I'm trying to understand the specific choice of model in an example in the book "Applied Econometric Time Series" by Enders, chapter 2 ("Stationary time-series models"), section 7 ("Sample autocorrelations of stationary series -- Estimation of an AR(1) Model", around page 90 in my copy).

In this section the sample ACF and PACF of a time series are presented (figure 2.3, top two panels). The ACF is relatively rapidly and steadily decaying, and the PACF has a large spike at lag 1. Larger lags in the PACF are not significant (against sample variance of PACF $T^{-1}$), except for a significant spike at lag 12.

To me, this seems to be consistent with an AR(1) process, except for the lag 12 in the PACF, which indicates a seasonality effect. So far so good.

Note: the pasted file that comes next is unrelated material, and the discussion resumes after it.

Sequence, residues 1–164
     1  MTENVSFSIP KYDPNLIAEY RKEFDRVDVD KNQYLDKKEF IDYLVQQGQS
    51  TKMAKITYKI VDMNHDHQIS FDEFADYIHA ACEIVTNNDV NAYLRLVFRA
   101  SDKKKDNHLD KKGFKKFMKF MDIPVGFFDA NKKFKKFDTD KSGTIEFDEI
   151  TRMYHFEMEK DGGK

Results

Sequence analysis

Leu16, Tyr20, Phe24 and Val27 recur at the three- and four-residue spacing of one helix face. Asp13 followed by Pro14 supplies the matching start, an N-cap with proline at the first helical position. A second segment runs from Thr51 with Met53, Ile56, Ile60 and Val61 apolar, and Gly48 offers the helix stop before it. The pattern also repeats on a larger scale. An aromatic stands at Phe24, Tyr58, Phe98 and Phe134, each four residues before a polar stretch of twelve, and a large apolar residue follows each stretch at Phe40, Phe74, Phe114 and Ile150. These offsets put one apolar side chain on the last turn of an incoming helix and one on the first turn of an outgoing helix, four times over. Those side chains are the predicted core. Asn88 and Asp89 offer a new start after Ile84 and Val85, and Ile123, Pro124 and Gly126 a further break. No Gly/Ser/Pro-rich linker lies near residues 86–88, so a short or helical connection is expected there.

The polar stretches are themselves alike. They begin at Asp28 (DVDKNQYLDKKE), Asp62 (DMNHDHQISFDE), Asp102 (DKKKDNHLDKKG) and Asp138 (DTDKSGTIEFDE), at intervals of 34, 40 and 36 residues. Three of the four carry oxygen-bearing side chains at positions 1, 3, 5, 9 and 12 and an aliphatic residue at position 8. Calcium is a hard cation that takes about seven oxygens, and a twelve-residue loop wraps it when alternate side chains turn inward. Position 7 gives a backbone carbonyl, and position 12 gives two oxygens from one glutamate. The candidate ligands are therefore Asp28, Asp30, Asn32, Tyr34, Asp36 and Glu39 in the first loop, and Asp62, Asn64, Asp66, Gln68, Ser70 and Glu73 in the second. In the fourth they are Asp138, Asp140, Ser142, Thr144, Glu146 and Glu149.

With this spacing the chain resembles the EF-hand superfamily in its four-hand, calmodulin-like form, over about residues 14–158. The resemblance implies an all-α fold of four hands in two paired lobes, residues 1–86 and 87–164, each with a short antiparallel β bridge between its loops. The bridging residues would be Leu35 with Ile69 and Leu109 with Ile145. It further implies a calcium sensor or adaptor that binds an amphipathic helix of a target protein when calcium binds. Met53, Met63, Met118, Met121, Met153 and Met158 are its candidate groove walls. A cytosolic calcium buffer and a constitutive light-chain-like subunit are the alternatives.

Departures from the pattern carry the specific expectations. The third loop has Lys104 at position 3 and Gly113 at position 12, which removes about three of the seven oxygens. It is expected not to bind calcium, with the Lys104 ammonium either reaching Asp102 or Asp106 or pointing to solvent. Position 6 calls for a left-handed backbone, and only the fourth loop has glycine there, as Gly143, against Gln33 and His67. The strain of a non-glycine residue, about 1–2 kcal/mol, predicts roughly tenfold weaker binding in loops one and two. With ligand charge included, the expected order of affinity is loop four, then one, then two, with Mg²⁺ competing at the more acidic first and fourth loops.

Now, Enders selects and comparatively assesses two models:

  • Model 1. An AR(1) model: $y_t = a_1 y_{t-1} + \epsilon_t$
  • Model 2. An AR(1) model with added moving-average term at lag 12: $y_t = a_1 y_{t-1} + \epsilon_t + \beta_{12} \epsilon_{t-12}$

My questions:

  • Given that the spike at lag 12 is in the PACF, not in the ACF, shouldn't the PACF spike at lag 12 be accounted for with an autoregressive term at lag 12, i.e., model 3: $y_t = a_1 y_{t-1} + a_{12} y_{t-12} + \epsilon_t$? Can you please explain why model 2 would be preferred over model 3 with the ACF/PACF pattern described above?
  • I always thought spikes in the ACF can be explained by forcing (moving average) terms $\beta_j \epsilon_{t-j}$, and spikes in the PACF with autoregressive terms $a_j y_{t-j}$. Is this notion false?
  • $\begingroup$ At the first glance, your logic seems fine... $\endgroup$ – Richard Hardy Dec 17 '15 at 16:18

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